Tells how much money you currently have in your account (account balance)
A secret number or code that protects the security of an account
An amount of money taken out of an account
A bank account that allows you to put money away to use later. The bank pays interest in exchange for the use of the money in the account
Business done with a bank, including deposits, and withdrawals
A bank employee who performs banking services for the public, such as cashing checks and accepting deposits
Person who works for someone else
Person who provides a product or service for someone else for money
Process of running a business of one's own
Things used to create products or services
Person who is a customer
Business that makes the products it sells
Money made from providing a good or service
Costs for supplies used in business
Result when income is greater than expenses
Amount added to the cost to determine selling price
Federal, state, or local government tax charged on goods
Creative problem-solving method that involves coming up with a large number of fresh ideas
List of things to be discussed or done in a meeting
Amount subtracted for the retail price to determine the selling price
Making choices and satisfying the wants and needs of consumers
Occurs because people's wants and needs are unlimited while the resources needed to produce goods and services are limited
How much of a good or service a producer is willing and able to produce at different prices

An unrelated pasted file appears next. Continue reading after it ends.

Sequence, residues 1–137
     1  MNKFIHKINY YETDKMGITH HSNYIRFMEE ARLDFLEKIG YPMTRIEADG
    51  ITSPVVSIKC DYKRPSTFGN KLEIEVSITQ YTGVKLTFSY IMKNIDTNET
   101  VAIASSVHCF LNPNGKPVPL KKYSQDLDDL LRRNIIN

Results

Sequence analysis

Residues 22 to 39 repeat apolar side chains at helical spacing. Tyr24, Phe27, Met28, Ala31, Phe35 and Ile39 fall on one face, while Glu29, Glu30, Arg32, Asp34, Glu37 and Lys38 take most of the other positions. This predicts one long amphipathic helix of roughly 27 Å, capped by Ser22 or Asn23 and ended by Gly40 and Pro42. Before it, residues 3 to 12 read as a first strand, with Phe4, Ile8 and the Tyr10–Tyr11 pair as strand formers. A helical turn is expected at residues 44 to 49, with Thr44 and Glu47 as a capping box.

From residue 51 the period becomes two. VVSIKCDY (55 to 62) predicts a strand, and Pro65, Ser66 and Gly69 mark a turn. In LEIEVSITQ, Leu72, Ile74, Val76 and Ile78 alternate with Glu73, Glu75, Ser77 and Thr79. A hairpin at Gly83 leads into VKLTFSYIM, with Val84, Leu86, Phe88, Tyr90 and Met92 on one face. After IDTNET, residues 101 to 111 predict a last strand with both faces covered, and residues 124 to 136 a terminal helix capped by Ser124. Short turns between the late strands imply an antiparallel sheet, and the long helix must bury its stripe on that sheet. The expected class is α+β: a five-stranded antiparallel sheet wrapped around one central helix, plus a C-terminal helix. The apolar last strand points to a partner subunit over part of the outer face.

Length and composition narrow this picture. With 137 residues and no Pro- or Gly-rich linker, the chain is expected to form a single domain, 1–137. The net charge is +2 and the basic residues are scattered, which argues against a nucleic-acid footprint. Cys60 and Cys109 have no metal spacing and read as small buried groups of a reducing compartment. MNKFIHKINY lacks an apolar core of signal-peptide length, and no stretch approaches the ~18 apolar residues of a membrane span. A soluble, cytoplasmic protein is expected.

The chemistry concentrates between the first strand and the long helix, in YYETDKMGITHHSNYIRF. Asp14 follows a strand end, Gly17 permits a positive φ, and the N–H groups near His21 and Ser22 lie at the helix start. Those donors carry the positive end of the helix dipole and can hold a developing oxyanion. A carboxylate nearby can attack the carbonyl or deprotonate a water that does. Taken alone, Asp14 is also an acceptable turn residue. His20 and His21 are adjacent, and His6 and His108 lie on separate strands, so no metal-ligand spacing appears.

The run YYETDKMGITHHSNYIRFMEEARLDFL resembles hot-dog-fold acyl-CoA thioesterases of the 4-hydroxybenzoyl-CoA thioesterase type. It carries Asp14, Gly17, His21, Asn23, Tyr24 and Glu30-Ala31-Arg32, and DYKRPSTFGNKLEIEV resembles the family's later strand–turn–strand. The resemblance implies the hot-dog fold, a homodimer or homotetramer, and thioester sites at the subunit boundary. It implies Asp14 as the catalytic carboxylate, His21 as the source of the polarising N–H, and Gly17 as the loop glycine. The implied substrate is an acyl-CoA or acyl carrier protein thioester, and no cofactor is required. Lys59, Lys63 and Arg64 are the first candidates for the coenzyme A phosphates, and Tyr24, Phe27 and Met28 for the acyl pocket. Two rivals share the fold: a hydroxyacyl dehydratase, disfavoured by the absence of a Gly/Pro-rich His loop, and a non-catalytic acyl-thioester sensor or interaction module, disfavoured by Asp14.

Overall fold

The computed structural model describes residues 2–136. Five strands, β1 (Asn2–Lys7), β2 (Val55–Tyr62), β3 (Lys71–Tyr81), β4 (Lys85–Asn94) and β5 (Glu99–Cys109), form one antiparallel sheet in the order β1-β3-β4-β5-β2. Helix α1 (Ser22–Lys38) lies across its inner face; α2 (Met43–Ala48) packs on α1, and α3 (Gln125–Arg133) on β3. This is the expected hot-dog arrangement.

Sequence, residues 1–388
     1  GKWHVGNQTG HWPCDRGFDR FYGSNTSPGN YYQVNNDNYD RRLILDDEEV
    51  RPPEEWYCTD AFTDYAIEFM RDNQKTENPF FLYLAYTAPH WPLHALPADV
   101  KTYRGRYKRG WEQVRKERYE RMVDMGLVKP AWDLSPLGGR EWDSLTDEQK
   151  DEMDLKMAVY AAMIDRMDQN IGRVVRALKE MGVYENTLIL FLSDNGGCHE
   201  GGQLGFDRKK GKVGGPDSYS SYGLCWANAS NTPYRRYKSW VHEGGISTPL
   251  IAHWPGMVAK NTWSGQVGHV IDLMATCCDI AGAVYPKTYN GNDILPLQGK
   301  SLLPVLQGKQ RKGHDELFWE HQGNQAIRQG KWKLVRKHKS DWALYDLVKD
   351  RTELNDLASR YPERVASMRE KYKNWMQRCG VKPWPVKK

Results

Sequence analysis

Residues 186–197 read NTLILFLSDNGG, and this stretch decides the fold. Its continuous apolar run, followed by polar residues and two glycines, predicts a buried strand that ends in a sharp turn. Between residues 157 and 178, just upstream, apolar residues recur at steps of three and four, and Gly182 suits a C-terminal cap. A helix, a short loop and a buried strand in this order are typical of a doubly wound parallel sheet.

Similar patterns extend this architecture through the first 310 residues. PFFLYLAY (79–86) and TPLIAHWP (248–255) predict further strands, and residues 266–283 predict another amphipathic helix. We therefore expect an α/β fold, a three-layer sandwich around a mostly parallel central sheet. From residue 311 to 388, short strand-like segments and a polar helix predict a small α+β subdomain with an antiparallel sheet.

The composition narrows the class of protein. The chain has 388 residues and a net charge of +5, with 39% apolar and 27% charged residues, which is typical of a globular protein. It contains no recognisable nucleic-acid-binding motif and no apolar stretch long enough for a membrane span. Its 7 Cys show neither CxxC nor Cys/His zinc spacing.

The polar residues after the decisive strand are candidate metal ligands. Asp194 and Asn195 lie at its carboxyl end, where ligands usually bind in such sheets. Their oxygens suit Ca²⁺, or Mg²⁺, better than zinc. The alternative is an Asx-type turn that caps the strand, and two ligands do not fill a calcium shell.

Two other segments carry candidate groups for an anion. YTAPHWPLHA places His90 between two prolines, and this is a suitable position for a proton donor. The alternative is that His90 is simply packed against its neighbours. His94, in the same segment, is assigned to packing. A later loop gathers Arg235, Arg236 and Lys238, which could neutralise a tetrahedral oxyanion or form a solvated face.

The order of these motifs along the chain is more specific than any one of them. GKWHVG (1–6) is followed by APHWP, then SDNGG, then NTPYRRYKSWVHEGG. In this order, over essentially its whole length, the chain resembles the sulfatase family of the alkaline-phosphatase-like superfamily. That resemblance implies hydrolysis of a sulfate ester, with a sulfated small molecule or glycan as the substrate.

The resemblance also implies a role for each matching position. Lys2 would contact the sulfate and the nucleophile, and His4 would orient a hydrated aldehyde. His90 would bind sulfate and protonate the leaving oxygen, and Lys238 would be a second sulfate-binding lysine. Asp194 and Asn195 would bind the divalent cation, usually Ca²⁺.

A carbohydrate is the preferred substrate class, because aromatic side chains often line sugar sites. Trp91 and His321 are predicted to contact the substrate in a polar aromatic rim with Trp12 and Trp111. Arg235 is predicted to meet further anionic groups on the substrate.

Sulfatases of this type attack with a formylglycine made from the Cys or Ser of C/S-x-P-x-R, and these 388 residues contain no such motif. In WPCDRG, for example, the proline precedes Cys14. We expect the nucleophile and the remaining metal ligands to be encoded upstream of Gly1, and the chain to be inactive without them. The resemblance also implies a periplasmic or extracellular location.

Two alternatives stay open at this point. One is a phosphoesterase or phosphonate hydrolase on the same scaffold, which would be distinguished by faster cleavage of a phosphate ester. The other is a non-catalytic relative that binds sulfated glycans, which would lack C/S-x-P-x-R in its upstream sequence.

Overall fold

Costs that must be paid no meter how much of a good or service is produced
An individual's need or desire for a product or service at a given price
Value of the next best alternative
Costs that go up and down depending not he quantity of the good or serve produced
Products and services that are brought in from another country to be sold
Expenses that a business has every month
Financial statements based on estimates
Item of value owned by a business
One-time only expenses that are paid to open a business
Amount of sales that must be made to cover all of the costs of a business
Investment contracts in which the investor exchanges a sum of money for a series of payments over time.
A loan to a company to finance a wide array of business purposes—from short-term inventory financing to long-term investments in equipment.
A method of interest payment. This is calculated by adding the interest earned by the investment to the previously earned interest. Each time interest is added to your savings the next interest amount is compounded on the new balance.
A combination of two or more corporations engaged in entirely different businesses that fall under one corporate structure.
Regularly purchasing stocks or mutual funds, whether they are high or low, by investing a constant dollar amount so that over the long term the high and low prices of the investment products average out.
An employer-sponsored retirement plan that allows a worker to save for retirement while deferring income taxes on the saved money and earnings until withdrawal.
A riskier type of investment with a higher potential for return. Examples include stocks, bonds, and mutual funds
Subject to fast, extreme changes in price or value.
Planning investments and other transactions to match the money and other assets available to an individual over time to the ways in which they want to spend those assets, including personal consumption, charitable donations, support for family members, and gifts.